The Soil Ninja Guide to Humidity - Master the Levels In Your Home

The Soil Ninja Guide to Humidity - Master the Levels In Your Home

Do you have a Fern that appears to be in despair or an Alocasia that seems ready to give up? Perhaps you recently acquired some vibrant Calatheas, but over time, you notice their lush leaves turning crispy and the new unfurling leaves already damaged! The culprit behind these issues could be the lack of humidity in your home.

Maintaining adequate humidity is crucial for tropical house plants. Higher humidity levels enhance photosynthesis, thereby increasing the rate of growth, which sounds quite beneficial, doesn't it? The stars of the show in this process are the Stoma and Stomata. The Stoma consists of microscopic holes that act like pores on the surface of leaves, regulating gas exchange for photosynthesis.

As the interface between the leaf and the atmosphere, the Stoma play a vital role in preventing the unnecessary loss of important molecules while they are open. The cells located just inside the Stoma attempt to capture CO2 for photosynthesis. These cells are relatively moist, and when exposed to dry air, they can lose water molecules through evaporation.

When the air is dry, the Stoma close to prevent water loss, but this closure also means they are unable to absorb CO2 from the air. In high humidity conditions, the concentration of water vapour in the air is typically higher or at least similar to the concentration of water in the moist cells. As a result, there is minimal evaporation of the plant's water. This is beneficial because the Stoma can remain wide open, absorbing ample amounts of CO2 while the plant doesn't have to worry about losing water.

Let's not forget about O2! Another function of the Stoma is to serve as an outlet for oxygen, a waste product produced during photosynthesis. When the Stoma is closed due to dry air, the plant cannot effectively expel this waste. When the balance between O2 and CO2 is disrupted, it slows down photosynthesis. O2 binds to important enzymes used in photosynthesis, preventing them from efficiently breaking down CO2.

We are starting to grasp how humidity affects the ingredients required for photosynthesis. Photosynthesis produces carbohydrates that plants utilise as building blocks for new tissues, including the gorgeous foliage we all adore. Without sufficient humidity, these essential ingredients become imbalanced and scarce, resulting in slowed growth and the development of weak, undersized leaves that nobody wants.

Plants in your home generally prefer humidity levels around 60%, which is significantly higher than what most UK home environments offer. Unusual and delicate plants may even require higher humidity levels.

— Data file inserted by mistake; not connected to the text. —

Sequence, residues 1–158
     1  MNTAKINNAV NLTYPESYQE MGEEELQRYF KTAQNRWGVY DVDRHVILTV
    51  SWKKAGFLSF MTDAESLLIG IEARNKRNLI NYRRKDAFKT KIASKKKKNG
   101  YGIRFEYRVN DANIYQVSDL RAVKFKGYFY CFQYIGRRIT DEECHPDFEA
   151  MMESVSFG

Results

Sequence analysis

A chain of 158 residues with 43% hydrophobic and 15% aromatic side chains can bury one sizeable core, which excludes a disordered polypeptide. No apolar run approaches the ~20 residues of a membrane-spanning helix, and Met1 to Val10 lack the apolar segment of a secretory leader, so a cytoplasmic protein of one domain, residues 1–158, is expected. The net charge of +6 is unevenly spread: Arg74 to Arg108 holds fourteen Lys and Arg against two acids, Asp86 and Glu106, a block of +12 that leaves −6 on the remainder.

For extremely humidity-sensitive plants, we recommend placing them under a cloche, in a terrarium, or within a cabinet. This provides a consistent and humid environment, which helps them thrive.

If you're just starting out, we suggest purchasing a hygrometer to measure the humidity levels in your home. If you find that your space naturally has low humidity, there are various ways to increase it.

Humidifiers have become a popular necessity in the plant community as they allow you to recreate the key element found in jungle environments. While it may be a slightly costly investment, humidifiers offer additional benefits such as improving skin health, air quality, and the condition of furniture and wood.

There are other methods to increase humidity as well. Although misting plants provides a temporary solution, you can also use pebble trays and group plants together to create a microclimate that raises humidity.

During winter, maintaining consistent environmental conditions becomes more challenging due to central heating, fireplaces, and other sources of heat. These can cause the air to dry out quickly, leading to plant struggles during this season. It's essential to closely monitor humidity levels during winter. If you decide to use a humidifier during the winter months, be mindful not to leave it on for extended periods. Insufficient airflow in a stagnant environment may promote unwanted mold growth.

Keep in mind that in the UK, humidity tends to drop significantly when external doors or windows are open, so be mindful of your plants' surroundings. Remember, consistency is key! If you maintain a consistently warm environment while keeping humidity around 60%, you should see your finicky plants start to appreciate it.

Back to blog

Leave a comment

Please note, comments need to be approved before they are published.